Having the Faith to Fail

Having the Faith to Fail November 6, 2013


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Apple’s cofounder Steve Jobs was, by all accounts, a tremendous success in the fields of technology, design and business. He was meticulous, a perfectionist and so obsessed about the quality of his work that some found him fairly impossible to work for. But what some people don’t realize is that Steve Jobs failed far more often than he ever succeeded.

For starters, Steve Jobs was a college dropout. He only made it through one semester or so of classes before calling it quits. Interestingly, he is in good company, as Microsoft founder Bill Gates and Facebook creator Mark Zuckerberg both dropped out as well.

And although he finished strong with Apple, let’s not forget that he was fired by the very company he helped create. And after being let go by Apple, Jobs started a new company that, by all accounts, was a spectacular failure.

Even Apple, the modern-day picture of technological success, and one of the most valuable and successful companies in the history of the world, has had far more products fail that it has had successes.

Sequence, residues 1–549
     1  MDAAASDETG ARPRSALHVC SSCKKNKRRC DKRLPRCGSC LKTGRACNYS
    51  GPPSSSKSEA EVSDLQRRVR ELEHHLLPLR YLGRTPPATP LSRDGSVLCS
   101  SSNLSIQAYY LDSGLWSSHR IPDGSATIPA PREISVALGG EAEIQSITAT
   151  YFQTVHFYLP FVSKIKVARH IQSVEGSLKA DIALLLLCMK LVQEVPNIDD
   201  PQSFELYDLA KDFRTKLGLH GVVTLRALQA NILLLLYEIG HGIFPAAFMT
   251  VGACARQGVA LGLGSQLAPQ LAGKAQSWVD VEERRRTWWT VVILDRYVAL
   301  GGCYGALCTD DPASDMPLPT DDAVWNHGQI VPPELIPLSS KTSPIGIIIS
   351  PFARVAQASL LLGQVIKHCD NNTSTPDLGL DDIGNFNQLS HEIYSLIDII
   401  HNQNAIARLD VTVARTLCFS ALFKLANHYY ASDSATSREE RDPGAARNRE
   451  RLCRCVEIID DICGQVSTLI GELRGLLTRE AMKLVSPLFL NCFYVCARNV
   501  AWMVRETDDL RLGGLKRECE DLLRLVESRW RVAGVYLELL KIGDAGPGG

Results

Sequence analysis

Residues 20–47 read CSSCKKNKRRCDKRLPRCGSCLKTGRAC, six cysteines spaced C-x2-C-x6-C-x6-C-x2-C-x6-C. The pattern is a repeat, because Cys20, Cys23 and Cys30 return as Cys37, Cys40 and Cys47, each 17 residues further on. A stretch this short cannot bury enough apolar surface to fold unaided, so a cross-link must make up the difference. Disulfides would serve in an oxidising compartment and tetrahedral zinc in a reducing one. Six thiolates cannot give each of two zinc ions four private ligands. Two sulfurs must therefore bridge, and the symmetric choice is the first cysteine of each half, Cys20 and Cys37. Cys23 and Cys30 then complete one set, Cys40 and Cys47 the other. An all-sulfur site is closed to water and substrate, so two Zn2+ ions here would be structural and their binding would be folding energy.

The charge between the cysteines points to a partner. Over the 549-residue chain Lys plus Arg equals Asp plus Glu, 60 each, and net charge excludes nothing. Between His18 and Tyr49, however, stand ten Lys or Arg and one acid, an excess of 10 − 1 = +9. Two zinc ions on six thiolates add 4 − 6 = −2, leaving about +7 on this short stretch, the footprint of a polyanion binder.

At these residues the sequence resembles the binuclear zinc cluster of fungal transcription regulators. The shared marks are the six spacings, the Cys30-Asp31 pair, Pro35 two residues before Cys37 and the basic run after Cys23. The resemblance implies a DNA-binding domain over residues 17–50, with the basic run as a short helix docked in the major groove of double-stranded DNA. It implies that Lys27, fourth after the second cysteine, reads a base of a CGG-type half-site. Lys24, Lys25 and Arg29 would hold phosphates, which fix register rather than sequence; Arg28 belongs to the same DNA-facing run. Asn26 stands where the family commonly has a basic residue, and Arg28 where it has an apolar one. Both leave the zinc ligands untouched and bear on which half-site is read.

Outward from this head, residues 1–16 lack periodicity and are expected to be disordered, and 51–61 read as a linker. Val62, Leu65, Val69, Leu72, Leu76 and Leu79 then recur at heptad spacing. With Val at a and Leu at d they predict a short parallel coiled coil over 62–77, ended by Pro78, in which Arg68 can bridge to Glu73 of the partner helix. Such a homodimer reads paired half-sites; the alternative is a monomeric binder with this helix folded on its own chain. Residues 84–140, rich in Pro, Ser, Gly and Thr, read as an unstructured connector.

When asked about his many challenges and struggles, and how he managed to prevail and succeed anyway, Jobs was very matter-of-fact. In the end, he didn’t feel that he had any greater capacity for success than anyone else. But what he did have was a high tolerance for failure. He was willing to fail often enough and terribly enough, and yet keep going because he believed in what he was doing and who he was.

Now just imagine if Steve Jobs had been in charge of the reconstruction of the Temple in Jerusalem. Do you think everyone would have been reading the Torah from iPads?

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